Thirty-two Ford School students participated in the second annual International Strategic Crisis Negotiation Exercise (ISCNE) on October 1 and 2, co-hosted by the U.S. Army War College and the Weiser Diplomacy Center. Designed for graduate students, the exercise simulates diplomatic negotiations to long-standing frozen conflicts. This year, the conflict focused on the current crisis in Jammu and Kashmir.
Participants were assigned representative roles in one of seven delegations, mentored by Ambassador Melvyn Levitsky, John Ciorciari, and Carol Giacomo.
"As a former practitioner of diplomacy, I was most impressed by how closely the scenario approximated real-life situations and how seriously our students played their roles in the simulation," said Ambassador Levitsky.
Students had heated, emotional discussions as deep-seeded issues were addressed that affect people in the real-world situation.
"The simulation was an excellent way to practice strategic problem-solving and intellectual teamwork," Carol Giacomo said. "You could actually see the growth from the first day, when the students struggled to think about the Kashmir issue and find common ground with their teammates, to the second day, when the individual teams had found their rhythms and were negotiating — intently and nimbly — with competing country teams."
Ambassador Daniel Shields, who was instrumental in bringing the simulation exercise to the Ford School last year, played the role of the United Nations Special Representative to the region. Shields originally participated in the simulation when he was the Diplomatic Advisor to the Commandant of the U.S. Army War College.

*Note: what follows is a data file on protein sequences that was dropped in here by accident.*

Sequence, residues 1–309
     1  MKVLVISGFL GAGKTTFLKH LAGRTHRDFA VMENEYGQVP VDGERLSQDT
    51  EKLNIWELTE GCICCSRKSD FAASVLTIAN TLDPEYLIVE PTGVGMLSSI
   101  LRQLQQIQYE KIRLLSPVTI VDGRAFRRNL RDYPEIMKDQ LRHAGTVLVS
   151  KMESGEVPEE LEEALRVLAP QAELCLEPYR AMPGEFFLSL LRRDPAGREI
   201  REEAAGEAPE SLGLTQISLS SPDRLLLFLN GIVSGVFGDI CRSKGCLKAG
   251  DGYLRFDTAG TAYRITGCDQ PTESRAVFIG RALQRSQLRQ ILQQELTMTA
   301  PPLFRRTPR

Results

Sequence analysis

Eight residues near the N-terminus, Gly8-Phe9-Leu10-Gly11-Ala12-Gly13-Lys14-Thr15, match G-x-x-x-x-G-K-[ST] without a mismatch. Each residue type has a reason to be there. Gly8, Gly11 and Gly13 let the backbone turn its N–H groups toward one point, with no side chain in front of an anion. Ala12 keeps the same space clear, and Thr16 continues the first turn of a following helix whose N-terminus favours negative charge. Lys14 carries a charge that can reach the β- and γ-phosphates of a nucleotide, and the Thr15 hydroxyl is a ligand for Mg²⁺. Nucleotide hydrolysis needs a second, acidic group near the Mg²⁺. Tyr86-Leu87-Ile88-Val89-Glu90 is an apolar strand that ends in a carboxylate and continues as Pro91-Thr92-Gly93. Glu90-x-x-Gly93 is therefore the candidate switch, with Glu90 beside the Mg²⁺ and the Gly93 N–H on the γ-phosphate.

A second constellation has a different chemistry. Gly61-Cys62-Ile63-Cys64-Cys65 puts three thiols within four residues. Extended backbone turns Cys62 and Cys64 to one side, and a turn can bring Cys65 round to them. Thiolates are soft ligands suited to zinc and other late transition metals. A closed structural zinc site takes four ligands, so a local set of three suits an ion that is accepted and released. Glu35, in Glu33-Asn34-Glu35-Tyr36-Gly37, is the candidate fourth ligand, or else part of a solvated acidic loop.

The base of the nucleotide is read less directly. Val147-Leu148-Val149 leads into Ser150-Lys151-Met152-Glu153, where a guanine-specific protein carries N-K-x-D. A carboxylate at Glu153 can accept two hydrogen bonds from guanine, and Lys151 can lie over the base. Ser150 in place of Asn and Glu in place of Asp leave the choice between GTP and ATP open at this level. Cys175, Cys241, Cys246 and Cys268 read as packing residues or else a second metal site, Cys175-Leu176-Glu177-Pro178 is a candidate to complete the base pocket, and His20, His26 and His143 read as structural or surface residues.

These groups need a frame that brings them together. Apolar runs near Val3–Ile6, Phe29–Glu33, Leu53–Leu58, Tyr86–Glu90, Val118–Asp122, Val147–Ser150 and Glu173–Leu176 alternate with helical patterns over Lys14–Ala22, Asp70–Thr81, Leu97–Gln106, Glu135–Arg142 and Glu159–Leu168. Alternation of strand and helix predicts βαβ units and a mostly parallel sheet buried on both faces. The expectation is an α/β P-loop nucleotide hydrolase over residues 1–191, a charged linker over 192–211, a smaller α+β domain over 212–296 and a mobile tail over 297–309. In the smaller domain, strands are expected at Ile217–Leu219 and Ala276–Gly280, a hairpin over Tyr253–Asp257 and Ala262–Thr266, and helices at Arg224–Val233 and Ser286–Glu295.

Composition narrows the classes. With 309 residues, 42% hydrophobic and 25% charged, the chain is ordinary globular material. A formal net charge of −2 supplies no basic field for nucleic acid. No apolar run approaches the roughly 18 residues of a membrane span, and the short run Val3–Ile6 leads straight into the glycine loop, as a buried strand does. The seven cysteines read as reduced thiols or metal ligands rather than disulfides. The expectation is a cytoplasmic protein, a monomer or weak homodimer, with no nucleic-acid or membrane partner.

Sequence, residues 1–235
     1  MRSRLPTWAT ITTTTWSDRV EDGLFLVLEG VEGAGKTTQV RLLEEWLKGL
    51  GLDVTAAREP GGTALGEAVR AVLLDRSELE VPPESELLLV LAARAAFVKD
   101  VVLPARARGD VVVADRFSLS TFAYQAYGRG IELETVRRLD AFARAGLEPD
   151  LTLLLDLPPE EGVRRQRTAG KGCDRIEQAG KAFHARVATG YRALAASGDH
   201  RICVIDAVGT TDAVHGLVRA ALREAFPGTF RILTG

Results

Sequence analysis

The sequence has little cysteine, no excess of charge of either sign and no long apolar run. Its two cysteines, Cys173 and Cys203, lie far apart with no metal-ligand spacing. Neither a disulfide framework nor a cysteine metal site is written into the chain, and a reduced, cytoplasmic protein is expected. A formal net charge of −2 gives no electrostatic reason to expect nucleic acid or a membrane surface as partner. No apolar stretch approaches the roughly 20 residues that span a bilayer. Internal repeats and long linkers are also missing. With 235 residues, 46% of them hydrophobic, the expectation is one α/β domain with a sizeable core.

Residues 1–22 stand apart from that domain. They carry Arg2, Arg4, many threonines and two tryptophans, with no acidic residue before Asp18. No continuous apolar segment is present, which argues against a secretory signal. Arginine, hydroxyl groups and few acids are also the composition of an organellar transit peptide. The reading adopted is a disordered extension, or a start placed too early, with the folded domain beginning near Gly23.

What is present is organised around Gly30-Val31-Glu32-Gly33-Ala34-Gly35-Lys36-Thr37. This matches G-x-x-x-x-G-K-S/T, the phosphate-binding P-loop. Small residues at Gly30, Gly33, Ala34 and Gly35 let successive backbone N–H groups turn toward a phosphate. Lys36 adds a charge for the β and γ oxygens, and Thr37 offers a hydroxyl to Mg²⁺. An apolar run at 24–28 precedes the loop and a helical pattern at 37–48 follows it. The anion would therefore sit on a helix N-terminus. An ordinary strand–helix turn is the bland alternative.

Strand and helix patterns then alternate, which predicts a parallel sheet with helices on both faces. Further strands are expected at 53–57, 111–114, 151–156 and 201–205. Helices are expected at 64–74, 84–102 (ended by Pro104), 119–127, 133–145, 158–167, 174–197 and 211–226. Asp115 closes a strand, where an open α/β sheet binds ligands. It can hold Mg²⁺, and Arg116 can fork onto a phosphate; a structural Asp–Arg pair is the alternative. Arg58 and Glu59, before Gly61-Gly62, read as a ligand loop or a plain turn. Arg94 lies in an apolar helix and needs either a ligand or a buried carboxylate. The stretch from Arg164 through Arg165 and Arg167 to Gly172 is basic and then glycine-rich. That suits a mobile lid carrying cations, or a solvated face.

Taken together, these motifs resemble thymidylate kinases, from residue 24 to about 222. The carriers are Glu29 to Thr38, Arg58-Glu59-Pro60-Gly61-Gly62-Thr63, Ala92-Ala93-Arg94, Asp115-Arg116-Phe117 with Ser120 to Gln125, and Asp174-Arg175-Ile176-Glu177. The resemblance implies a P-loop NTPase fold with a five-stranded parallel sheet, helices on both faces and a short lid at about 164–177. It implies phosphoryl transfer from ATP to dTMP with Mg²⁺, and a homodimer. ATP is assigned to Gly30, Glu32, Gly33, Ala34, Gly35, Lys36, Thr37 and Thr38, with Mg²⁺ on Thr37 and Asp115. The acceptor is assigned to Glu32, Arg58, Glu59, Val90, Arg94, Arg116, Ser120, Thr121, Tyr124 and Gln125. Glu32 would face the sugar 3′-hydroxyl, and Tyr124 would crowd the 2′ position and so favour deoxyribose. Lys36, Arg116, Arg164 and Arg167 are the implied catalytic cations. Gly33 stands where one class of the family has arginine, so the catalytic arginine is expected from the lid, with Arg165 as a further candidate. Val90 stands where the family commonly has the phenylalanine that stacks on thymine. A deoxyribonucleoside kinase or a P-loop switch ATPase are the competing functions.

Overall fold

"It was exciting to participate in person in the Kashmir simulation, to feel the energy for experiential learning generated by the exercise, and to see the Ford School and the U.S. Army War College continue to develop what is growing into an outstanding partnership," Shields said after the simulation.
The U.S. Army War College was also involved in staffing the simulation exercise. Colonel Chad Jagmin (MSE ‘03) served as the exercise director, Major Will Anderegg scheduled negotiations, and Ed "Cliffy" Zukowski, the ISCNE programming director acted as each delegation's Foreign Minister. They came away impressed with the students.
“The students clearly thought deeply about national interests and the ends, ways and means to achieve national goals,” said Colonel Jagmin. “The exercise presented a difficult diplomatic problem to all the delegations, but through sound strategy and keen negotiation, they moved forward the dialogue and set the group on a path for positive progress.”
"I was really impressed with how engaged the students were and how they got into their roles. Seeing their genuine reactions to things happening in the negotiations was great," said Zukowski.
The exercise concluded with students coming out of their roles to reflect on the challenges of the simulation, and how their words and actions either helped or hindered their delegation's progress.
"Over the two-day simulation, I learned a lot about diplomacy, leadership, and negotiation. This exercise was one of the most exciting events I have participated in at the Ford School," Maheen Zahid (MPP '22) said.
Christian Neubacher (MPP '23) highly recommended the simulation to anyone who wants to learn about negotiations. "The Ford/USAWC Simulation on Jammu-Kashmir was an outstanding opportunity to learn from high-level policymakers and my peers about a pressing and current diplomatic challenge, and to learn how to negotiate with other countries and to seek a compromise on the conflict,"
About the International Strategic Crisis Negotiation Exercise (ISCNE)
The ISCNE originated in 2003 and was developed into an outreach program in 2009. Since then, the U.S. Army War College has conducted over 140 simulations with 23 different universities and institutes. Working with top-tier master's programs in foreign policy and international relations, the exercise focuses on long-standing frozen conflicts where students attempt to negotiate solutions to the many challenges associated with them.More news from the Ford School
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